If they understood their power, they would not let their employer run rings around them as it does. The regime can fire nurses or teachers when they go on strike on different occasions, but it will drive itself into a cul-de-sac if it applies the same repressive methods if all civil servants acted in unison. It is good to see statements of solidarity with teachers from nurses and the Zimbabwe Congress of Trade Unions. It can be the beginning of a powerful wave that will draw the government to treat civil servants with greater respect than it is doing. If the sectors remain disaggregated and their efforts are sector-based and piecemeal, the regime will continue to have a field day.

More significantly, however, teachers and other civil servants must accept that their problems are systematic and will not be resolved by industrial action alone. Their problems are a symptom of governance weaknesses that pervade Zimbabwe. There can never be a few islands of sound governance for teachers, nurses, or soldiers, while the rest of society is a sea of bad governance. Zimbabwe’s is a system that needs a systemic overhaul.

Indeed, the same forces that drove the ZCTU to spearhead the formation of the original MDC in 1999 to drive political change have not subsided. The MDC may have been hijacked by a few reactionary elements who have driven it to the ground, but the Citizens Coalition of Change (CCC) represents a vehicle that has the potential to regain momentum and rejuvenate the struggle. Teachers are the ones that interact with young people in the education system. They are the ones that shape the consciousness of students in their formative stages. Promoting civic engagement and voter registration are some of the things that they ought to promote in their spaces.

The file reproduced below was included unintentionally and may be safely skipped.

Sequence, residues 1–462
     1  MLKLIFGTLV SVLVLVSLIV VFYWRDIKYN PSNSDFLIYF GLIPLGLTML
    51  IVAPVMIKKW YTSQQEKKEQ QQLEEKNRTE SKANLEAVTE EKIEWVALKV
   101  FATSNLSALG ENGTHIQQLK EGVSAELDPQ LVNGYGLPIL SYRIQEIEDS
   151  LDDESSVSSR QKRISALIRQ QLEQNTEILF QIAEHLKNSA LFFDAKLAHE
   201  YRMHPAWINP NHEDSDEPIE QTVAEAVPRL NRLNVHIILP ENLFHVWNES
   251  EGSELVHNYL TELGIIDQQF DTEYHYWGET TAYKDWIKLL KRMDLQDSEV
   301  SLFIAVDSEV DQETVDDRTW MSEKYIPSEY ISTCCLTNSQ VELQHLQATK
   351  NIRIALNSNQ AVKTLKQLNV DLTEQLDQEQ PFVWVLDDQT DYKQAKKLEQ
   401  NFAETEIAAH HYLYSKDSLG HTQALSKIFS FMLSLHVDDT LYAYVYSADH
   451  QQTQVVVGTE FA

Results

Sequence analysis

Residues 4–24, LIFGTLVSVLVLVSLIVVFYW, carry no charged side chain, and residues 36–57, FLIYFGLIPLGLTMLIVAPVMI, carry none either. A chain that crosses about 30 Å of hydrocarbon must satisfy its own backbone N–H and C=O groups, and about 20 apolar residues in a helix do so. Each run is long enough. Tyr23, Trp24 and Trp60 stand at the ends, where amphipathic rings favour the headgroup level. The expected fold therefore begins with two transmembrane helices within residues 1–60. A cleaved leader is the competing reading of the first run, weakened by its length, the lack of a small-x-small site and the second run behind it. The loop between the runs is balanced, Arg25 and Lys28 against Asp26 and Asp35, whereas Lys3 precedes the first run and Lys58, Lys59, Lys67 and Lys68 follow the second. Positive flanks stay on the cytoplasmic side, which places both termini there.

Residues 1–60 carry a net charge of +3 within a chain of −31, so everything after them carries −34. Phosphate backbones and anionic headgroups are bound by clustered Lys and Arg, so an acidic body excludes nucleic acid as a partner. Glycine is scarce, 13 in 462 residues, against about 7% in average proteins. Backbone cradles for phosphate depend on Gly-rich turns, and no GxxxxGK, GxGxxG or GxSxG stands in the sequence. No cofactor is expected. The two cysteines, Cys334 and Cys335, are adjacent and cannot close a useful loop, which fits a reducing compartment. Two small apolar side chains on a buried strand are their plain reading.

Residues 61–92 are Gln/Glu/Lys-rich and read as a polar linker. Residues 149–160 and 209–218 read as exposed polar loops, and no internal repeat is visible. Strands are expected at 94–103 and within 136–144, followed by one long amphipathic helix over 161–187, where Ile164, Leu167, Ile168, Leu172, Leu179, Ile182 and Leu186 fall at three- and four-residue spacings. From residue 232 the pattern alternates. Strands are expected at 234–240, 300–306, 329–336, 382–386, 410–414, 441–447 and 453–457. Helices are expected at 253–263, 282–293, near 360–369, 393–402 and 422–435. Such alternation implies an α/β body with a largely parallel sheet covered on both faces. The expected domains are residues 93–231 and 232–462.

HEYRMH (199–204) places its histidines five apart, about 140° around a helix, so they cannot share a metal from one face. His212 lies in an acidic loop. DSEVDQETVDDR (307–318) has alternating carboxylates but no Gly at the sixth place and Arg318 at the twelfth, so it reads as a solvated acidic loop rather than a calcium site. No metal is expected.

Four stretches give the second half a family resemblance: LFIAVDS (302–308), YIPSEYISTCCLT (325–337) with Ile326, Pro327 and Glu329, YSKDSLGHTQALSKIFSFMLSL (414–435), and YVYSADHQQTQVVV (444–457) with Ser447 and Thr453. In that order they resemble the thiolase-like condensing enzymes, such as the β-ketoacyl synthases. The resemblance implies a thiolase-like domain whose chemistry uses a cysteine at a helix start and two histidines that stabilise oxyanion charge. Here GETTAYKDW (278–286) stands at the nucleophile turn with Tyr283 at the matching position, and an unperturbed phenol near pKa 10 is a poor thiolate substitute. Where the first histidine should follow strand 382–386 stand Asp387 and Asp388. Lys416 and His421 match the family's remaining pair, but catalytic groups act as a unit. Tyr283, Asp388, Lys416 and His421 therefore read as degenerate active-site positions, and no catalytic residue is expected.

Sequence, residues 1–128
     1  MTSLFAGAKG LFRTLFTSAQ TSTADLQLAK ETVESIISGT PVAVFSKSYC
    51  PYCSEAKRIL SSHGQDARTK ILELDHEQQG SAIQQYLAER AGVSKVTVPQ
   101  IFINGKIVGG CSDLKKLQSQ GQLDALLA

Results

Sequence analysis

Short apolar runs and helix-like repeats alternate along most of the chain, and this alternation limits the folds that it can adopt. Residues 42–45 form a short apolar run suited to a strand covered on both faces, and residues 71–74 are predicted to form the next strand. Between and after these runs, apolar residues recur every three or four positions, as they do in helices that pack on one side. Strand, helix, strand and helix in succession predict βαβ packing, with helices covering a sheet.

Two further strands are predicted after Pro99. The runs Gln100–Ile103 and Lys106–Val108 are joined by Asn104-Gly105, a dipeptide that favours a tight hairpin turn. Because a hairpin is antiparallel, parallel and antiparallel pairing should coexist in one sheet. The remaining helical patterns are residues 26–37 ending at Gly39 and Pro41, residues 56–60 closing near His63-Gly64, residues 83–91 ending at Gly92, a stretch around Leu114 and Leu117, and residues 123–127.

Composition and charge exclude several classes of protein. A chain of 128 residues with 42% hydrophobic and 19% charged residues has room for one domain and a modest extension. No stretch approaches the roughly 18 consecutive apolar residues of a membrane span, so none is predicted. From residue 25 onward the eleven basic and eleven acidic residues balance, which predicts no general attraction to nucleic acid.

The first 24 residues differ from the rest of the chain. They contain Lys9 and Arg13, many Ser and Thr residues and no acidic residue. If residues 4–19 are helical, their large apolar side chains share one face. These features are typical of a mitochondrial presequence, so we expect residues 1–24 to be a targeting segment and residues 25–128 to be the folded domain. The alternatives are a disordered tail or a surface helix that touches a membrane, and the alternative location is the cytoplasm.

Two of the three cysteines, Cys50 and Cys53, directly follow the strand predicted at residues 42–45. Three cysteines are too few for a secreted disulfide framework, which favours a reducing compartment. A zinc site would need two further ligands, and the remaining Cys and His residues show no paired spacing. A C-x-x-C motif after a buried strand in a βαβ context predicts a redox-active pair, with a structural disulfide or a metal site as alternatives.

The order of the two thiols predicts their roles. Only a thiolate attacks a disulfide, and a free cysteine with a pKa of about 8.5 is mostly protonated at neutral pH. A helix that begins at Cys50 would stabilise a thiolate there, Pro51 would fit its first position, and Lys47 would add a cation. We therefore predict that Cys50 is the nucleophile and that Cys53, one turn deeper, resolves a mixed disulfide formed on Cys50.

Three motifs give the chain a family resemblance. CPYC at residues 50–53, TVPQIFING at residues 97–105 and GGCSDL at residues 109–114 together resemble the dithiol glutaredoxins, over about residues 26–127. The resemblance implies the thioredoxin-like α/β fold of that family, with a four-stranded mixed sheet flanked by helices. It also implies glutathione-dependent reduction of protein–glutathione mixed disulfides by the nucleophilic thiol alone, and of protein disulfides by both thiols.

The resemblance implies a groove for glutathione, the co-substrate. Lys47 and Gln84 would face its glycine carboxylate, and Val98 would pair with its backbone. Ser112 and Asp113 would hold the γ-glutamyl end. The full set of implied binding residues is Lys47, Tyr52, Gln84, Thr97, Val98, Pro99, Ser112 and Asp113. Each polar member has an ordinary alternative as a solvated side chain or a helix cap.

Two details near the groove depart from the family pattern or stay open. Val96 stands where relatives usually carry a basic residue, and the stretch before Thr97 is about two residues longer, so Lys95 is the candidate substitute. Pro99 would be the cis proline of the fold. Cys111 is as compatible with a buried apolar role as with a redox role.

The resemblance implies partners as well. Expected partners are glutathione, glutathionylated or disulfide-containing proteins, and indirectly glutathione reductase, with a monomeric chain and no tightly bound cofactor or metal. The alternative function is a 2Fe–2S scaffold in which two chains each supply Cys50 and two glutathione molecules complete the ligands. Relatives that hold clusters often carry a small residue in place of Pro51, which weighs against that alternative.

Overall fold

And most significantly, teachers are key participants in the election process. They are usually employed as election officials, manning operations at polling stations. For their services, they get an allowance. Unfortunately, some of them do not look at the bigger picture, that after that moment, they will return to their ordinary lives as teachers on meagre wages, treated with contempt by the regime. By acts of commission or omissions, some of them become enablers of their repression.

But teachers who occupy these roles could use their role as gatekeepers of the election process, ensuring that there is fairness, and that evidence of irregularities is identified and collected, especially in the rural areas. ZANU PF has had 42 years to improve the condition of teachers. Independence was supposed to be the dawn of a new and brighter era. But a teacher is now worse off than he or she was in 1980, a serious indictment of the post-independence government. The government has failed teachers, and in doing so it has failed the public education system.